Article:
While the leading crypto got a boost on Wednesday after news that lawmakers in El Salvador voted to approve bitcoin as legal tender, its price remains nearly 40% below highs of around $60,000 from as recently as a month ago.
Our call of the day, from strategists led by Nikolaos Panigirtzoglou at investment bank J.P. Morgan, is that two key measures indicate that bitcoin
is in a bear market—and they can also tell investors when it’s over.
The first red flag is that bitcoin futures have shifted into “backwardation” for the first time since 2018, the strategists said. Backwardation is when the current price of an asset is higher than the price trading in futures markets. Futures for the other leading crypto asset, ethereum
have also approached that critical turning point into backwardation, as seen in the chart below.
“This is an unusual development,” said the J.P. Morgan team. “And a reflection of how weak bitcoin demand is at the moment from institutional investors that tend to use regulated CME futures contracts to gain exposure to bitcoin.”
Normally, when demand for bitcoin futures isn’t weak, the futures trade at a higher price than the spot price—typically around a 10% futures to spot spread. However, when price expectations for bitcoin turn bearish, the futures curve slips backward, and this was the case for most of 2018, according to the strategists.
“We believe that the return to backwardation in recent weeks has been a negative signal pointing to a bear market,” said Panigirtzoglouand his team. “We are thus reluctant to abandon our negative outlook” on bitcoin, they said, until the 21-day rolling average of the 2nd CME bitcoin futures spread over spot shifts back into positive territory.
The second red flag is the low share of bitcoin in the wider crypto market. The same strategists wrote in May that the sharp decline in the share of bitcoin during April and May—from around 60% towards 40%—was a bearish signal. They said that it echoed the individual investor-driven “froth” of December 2017—when the share of bitcoin fell from around 55% to below 35%.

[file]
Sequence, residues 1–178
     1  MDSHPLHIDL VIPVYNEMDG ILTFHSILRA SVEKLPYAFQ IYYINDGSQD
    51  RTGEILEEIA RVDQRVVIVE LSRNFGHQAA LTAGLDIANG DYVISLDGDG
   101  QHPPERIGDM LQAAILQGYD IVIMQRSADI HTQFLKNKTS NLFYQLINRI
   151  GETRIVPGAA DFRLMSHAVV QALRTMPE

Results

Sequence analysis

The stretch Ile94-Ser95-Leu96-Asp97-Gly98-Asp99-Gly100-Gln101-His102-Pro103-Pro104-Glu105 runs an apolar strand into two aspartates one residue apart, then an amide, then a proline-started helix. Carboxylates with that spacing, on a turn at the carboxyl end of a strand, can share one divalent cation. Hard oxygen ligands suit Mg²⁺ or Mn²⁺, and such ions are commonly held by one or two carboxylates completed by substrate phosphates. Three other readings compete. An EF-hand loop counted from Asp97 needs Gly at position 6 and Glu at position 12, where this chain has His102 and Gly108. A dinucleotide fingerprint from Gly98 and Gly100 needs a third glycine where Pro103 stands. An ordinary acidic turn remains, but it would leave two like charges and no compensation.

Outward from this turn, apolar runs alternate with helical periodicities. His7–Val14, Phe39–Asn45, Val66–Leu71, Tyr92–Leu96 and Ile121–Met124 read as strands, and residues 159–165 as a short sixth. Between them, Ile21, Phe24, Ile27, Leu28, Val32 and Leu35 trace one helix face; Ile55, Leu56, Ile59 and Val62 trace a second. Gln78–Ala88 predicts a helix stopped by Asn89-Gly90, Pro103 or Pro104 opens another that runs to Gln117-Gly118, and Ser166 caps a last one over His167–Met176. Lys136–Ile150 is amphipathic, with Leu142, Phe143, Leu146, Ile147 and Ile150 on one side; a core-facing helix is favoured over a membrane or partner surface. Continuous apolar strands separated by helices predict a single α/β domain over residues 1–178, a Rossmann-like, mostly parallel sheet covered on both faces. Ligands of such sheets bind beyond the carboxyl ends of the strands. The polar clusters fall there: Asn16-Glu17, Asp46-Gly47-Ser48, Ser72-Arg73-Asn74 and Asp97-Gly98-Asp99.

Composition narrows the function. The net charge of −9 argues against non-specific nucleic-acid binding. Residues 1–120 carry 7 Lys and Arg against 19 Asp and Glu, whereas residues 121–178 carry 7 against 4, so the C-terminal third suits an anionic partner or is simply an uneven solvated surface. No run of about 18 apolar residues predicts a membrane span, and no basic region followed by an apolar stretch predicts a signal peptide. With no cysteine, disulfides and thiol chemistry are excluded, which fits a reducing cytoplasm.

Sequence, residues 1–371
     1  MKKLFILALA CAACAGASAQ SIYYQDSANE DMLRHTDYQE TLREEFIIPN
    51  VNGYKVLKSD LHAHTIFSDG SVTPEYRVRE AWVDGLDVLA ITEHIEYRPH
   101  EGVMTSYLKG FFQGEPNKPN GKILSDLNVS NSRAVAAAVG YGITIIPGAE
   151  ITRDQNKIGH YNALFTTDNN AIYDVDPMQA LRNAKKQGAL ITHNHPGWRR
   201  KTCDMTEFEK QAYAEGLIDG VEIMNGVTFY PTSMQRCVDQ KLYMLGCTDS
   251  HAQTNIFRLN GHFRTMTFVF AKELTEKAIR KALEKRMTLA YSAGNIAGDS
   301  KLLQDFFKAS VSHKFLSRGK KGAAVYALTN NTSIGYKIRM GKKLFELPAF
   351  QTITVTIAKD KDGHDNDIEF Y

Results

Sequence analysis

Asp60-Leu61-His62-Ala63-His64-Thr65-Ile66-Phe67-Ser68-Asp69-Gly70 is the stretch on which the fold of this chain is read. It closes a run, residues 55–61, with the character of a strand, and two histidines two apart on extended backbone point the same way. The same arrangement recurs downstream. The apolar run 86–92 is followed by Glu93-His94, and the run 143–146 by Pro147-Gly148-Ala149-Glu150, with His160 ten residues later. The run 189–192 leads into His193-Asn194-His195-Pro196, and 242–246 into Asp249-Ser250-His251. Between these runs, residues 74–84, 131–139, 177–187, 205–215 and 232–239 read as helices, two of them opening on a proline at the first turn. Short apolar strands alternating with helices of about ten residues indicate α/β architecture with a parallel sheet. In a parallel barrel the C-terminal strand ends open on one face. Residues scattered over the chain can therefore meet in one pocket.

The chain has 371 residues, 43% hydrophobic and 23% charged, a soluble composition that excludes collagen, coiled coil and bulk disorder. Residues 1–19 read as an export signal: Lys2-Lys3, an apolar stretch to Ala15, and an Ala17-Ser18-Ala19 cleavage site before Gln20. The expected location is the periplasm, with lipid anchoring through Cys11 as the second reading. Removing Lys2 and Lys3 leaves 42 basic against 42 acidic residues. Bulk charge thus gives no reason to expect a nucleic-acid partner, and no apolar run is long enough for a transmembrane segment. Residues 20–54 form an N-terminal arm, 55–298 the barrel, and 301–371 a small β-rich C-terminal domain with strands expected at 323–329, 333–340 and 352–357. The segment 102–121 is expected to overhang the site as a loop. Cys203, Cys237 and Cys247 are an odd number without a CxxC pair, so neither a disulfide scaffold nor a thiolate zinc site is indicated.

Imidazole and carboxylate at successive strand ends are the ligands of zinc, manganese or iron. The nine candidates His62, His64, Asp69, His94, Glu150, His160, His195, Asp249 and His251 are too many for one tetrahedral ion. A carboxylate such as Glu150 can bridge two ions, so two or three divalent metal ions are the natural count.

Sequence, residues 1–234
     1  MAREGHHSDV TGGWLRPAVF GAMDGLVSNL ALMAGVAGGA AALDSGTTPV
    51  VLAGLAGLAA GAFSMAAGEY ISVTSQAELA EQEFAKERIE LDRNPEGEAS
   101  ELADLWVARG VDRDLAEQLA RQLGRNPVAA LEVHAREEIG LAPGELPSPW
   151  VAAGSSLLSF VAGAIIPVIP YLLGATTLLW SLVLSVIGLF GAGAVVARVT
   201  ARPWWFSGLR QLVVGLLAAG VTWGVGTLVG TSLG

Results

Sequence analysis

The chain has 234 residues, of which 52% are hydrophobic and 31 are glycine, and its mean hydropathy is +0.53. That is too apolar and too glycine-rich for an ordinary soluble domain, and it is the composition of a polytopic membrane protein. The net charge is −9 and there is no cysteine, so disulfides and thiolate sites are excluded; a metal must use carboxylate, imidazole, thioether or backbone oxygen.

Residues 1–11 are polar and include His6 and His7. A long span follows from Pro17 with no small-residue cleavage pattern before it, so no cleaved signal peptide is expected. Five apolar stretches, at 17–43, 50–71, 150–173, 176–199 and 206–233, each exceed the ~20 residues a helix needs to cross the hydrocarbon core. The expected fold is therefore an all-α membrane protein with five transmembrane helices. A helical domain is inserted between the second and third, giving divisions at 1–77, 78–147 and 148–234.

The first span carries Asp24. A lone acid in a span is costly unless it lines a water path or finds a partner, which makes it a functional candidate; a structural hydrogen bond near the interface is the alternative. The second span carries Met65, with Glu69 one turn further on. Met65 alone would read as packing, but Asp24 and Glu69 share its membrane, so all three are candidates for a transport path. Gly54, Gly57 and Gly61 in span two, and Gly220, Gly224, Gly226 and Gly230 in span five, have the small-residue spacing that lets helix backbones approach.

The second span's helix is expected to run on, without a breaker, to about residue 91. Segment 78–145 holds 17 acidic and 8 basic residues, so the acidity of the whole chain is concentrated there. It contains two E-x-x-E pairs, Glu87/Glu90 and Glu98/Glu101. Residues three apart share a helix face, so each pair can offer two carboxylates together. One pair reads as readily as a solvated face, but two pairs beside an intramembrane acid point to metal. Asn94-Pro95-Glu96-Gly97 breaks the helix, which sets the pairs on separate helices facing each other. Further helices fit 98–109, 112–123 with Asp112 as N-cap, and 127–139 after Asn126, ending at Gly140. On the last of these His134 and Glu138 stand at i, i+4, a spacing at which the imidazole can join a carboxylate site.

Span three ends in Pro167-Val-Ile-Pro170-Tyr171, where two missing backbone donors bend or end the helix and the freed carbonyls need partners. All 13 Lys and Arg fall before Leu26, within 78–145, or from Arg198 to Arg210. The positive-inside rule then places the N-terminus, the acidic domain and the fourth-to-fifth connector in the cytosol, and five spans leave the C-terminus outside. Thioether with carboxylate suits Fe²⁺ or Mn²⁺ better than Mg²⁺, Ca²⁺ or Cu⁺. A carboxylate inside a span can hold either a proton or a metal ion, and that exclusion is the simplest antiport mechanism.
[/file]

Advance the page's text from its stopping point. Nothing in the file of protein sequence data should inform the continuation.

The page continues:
“We believe that the share of bitcoin in the total crypto market would have to normalize and perhaps rise above 50% (as in 2018) to be more comfortable in arguing that the current bear market is behind us,” said the J.P. Morgan team.
The U.S. business of JBS
paid an $11 million ransom in bitcoin to cybercriminals who last week knocked out plants that process around 20% of the U.S. meat supply. The Brazilian food giant said the payment was made to protect against further disruption.
On the U.S. economic front, 376,000 Americans filed for unemployment last week, slightly more than the 370,000 expected by economists. There were 3.5 million continuing jobless claims in the week of May 29. The U.S. Consumer Price Index—CPI—rose 0.6% in May, slightly more than the 0.5% expected and less than 0.8% in the month prior. Later, figures for business formations in May and household wealth in the first quarter of the year are due.
U.S. President Joe Biden and British Prime Minister Boris Johnson are set to ease transatlantic COVID-19 travel restrictions. With Biden in the U.K. for this week’s Group of Seven meeting, the two leaders are expected to announce a new task force with the goal of reopening U.S.-U.K. travel as soon as possible.
Company actions to address climate change have yet to have a critical aggregate effect, with none of the major stock market indexes on track to hit the widely-used target of keeping global warming below 2°C above pre-industrial levels, according to a report. In fact, the British FTSE 100 and American S&P 500 are on temperature pathways of 3°C or above.
opened higher after the key U.S. inflation report.
finished the trading day largely higher.
In case there was any doubt, the meme trade—epitomized by stocks like GameStop
—is in full swing. Our chart of the day, from Vanda Track and courtesy of Michael Batnick at the Irrelevant Investor blog, shows the buying patterns of individual investors since February 2020.
“First, it was the reopening, then tech, then EVs, then meme stocks, then tech, and now meme stocks again,” Batnick said. “I expected trading to die down once the economy reopened and people started leaving their homes. I was wrong. This is here to stay.”
Farmers with renewable energy sources, like those run off cow manure, can make 10 times more money running crypto mining machines than from selling energy to providers.
“Baywatch” star David Hasselhoff is saving lives again, but not as a lifeguard. The actor has been recruited by German health authorities to encourage people to get vaccinated against COVID-19.
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